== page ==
August 2, 2005

Backlash ends CNOOC’s Unocal bid

By Deepa Babington and Charlie Zhu

NEW YORK/SINGAPORE (Reuters) - China's CNOOC Ltd.
on Tuesday abandoned a bold $18.5 billion offer to acquire
Unocal Corp. in the face of strident political
opposition, clearing the way for the U.S. oil producer to
conclude a deal with larger U.S. rival Chevron Corp..

The move ends a takeover battle that became a flashpoint
for Sino-American trade relations and the global scramble to
secure energy supplies, spawning Congressional hearings and
drawing vehement indignation from U.S. lawmakers.

Financially, CNOOC's cash offer in late June easily topped
Chevron's sweetened $17.4 billion bid for Unocal, whose shares
on Tuesday began trading roughly in line with the Chevron bid.

But that was overshadowed by fierce backlash in Washington
over a Beijing government-controlled company attempting to buy
American oil assets as crude prices raced to record highs.

"The political reaction has scared off the board of Unocal,
the shareholders and CNOOC itself," said Edmund Harriss, fund
manager at Guinness Atkinson, which holds CNOOC shares. "I
don't think anybody really anticipated quite what a maelstrom
they were entering into."

CNOOC said in a statement it was reluctantly withdrawing
its offer after considering increasing it, and would have done
so were it not for the political environment in the United

"This political environment has made it very difficult for
us to accurately assess our chance of success, creating a level
of uncertainty that presents an unacceptable risk to our
ability to secure this transaction," the company said.

It called the political response to its offer "regrettable
and unjustified."


Some members of the U.S. Congress sought to block a CNOOC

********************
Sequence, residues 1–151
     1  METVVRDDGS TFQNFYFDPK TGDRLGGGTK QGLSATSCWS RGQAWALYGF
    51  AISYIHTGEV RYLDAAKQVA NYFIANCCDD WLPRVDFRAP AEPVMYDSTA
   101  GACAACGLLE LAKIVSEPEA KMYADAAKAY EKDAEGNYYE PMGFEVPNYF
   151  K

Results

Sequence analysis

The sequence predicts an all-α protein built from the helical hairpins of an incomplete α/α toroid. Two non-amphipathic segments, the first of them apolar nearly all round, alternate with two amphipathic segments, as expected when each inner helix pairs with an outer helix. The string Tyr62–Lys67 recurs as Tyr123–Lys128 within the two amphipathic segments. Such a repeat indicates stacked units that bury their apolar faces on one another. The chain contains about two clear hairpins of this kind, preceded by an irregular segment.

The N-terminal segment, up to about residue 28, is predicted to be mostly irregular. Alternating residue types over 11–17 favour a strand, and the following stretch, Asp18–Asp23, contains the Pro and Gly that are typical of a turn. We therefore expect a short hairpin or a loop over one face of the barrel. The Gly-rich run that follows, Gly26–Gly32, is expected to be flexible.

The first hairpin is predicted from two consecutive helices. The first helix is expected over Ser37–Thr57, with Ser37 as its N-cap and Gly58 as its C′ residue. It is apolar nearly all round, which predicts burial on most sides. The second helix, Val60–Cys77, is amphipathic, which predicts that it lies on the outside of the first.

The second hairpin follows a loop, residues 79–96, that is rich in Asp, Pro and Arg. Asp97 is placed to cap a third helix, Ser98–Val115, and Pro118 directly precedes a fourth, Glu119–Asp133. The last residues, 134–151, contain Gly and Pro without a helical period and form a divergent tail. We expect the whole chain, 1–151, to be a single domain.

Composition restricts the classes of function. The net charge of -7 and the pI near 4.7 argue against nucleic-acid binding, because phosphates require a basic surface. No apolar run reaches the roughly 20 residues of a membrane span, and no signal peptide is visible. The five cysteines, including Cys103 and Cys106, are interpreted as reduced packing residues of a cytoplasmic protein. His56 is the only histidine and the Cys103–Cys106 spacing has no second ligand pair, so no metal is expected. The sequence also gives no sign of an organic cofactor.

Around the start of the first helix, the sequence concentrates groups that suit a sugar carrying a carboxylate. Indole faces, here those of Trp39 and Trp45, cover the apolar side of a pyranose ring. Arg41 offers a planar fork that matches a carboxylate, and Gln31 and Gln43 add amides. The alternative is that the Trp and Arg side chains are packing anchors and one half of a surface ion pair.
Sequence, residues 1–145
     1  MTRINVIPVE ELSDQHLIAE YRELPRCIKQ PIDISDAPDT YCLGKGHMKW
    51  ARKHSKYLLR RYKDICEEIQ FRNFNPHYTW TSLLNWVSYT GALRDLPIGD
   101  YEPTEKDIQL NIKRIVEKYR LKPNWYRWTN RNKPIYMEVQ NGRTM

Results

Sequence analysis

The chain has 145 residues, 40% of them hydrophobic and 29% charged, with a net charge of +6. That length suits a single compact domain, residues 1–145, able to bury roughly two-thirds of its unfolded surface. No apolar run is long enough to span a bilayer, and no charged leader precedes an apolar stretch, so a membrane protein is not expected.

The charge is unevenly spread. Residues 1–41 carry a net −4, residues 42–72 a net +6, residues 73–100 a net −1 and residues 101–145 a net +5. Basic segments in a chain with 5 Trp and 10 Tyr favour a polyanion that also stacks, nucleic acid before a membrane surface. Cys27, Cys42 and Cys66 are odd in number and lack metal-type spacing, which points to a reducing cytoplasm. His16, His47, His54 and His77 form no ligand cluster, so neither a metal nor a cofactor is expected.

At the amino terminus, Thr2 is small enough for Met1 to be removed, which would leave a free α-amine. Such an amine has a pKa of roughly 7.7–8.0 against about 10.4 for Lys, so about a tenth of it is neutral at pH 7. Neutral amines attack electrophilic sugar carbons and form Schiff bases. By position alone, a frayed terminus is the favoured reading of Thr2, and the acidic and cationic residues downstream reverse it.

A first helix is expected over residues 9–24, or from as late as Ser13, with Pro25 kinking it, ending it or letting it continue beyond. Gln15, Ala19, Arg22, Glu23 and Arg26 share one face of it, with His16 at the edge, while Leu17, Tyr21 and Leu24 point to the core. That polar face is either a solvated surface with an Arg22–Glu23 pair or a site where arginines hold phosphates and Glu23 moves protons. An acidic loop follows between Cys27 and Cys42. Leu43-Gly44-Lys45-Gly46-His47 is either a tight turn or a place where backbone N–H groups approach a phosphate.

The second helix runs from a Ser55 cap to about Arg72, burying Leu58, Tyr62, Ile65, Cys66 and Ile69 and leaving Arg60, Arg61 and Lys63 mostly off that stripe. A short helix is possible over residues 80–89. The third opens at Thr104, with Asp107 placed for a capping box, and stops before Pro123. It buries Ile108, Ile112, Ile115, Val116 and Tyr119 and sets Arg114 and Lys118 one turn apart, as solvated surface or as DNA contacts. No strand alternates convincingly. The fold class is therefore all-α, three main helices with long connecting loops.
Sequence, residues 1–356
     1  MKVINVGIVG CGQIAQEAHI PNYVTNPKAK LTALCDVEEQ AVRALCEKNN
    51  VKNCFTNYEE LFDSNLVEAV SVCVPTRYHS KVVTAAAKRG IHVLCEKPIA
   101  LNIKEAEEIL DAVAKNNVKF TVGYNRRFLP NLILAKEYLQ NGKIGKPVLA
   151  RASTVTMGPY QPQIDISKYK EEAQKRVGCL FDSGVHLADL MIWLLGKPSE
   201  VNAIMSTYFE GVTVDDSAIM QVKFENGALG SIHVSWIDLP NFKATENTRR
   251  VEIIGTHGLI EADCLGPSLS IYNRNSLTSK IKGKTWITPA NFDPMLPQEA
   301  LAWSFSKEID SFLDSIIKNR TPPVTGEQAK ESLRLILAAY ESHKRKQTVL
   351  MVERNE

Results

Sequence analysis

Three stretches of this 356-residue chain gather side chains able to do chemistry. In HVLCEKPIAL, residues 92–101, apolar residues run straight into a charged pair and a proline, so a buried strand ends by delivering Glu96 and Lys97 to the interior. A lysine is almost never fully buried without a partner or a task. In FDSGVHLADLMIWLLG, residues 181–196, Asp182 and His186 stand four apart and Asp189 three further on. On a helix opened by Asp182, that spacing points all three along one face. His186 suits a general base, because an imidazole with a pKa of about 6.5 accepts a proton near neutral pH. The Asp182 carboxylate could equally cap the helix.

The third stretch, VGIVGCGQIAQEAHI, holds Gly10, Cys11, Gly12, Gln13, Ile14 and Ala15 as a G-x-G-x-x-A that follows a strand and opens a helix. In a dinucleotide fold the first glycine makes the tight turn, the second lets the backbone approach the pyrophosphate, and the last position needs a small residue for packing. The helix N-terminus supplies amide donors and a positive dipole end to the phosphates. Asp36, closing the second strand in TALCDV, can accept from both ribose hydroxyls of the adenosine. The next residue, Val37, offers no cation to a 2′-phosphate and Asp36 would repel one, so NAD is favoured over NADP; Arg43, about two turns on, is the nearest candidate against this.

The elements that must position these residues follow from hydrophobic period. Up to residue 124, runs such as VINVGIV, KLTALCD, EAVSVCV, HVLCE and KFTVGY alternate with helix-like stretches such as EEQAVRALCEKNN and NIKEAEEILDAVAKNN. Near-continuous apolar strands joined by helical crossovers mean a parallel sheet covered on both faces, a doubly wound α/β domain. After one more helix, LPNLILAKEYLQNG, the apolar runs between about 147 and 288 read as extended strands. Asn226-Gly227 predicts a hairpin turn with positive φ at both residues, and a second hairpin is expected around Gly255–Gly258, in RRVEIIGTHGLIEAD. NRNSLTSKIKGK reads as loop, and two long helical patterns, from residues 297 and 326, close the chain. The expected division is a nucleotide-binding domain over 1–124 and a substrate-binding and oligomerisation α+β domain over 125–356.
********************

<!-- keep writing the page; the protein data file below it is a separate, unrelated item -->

deal almost from the start. Some said allowing Unocal to pass
into Chinese hands would boost Beijing's leverage over Central
and East Asia, while others complained that China was
subsidizing the bid with interest-free and low-interest loans.

Last week a congressional conference committee added a
provision to a broad energy bill that would have delayed the
necessary government review of CNOOC's offer by months.

"No surprise -- it looks like Chevron has pulled off a
pretty good political campaign and got a lot of support," said
Jason Putman, an analyst at Victory Capital Management in
Cleveland, Ohio, which owns Unocal shares.

Responding to the CNOOC withdrawal, Democrat Senator
Charles Schumer said in a statement there was nothing wrong
with CNOOC taking over Unocal. But, he said, the same thing
would not happen in China. "For instance China likely wouldn't
allow an American company to buy a similarly situated Chinese
company. If China were open to American companies buying
Chinese companies, I think CNOOC would have had a much easier
time of it."

Unocal made it clear in public filings that it had been
willing to accept the Chinese bid under certain conditions,
including a higher offer.

CNOOC Chairman Fu Chengyu, the driving force behind the
bid, in the end listened to his political advisers, who had
warned of the high political hurdles the transaction faced.

CNOOC shares, which had struggled under fears of a bidding
war and the assumption of excessive debt, rose to a record high
in Hong Kong trading on Tuesday before the company withdrew its
bid, gaining 2.8 percent to HK$5.50.

"This is good for CNOOC. It clears away the uncertainty
risks," said John Koh, fund manager at Daiwa Asset Management,
which holds CNOOC shares.

Unocal shares were down 5 cents at $64.32, while Chevron
shares rose 1.73 percent to $59.44 a share on Tuesday on the
New York Stock Exchange.

Unocal shareholders are due to vote on the Chevron offer on
Aug. 10. If they approve it, the deal could close that day.

Unocal had no direct comment on CNOOC's withdrawal except
to say that it continues to believe a combination with Chevron
provides the best value for shareholders.

Chevron did not address the CNOOC move either, saying only
that it looked forward to completing the deal on Aug. 10.
(Additional reporting by Wendy Lim in Hong Kong and Mark
McSherry in New York)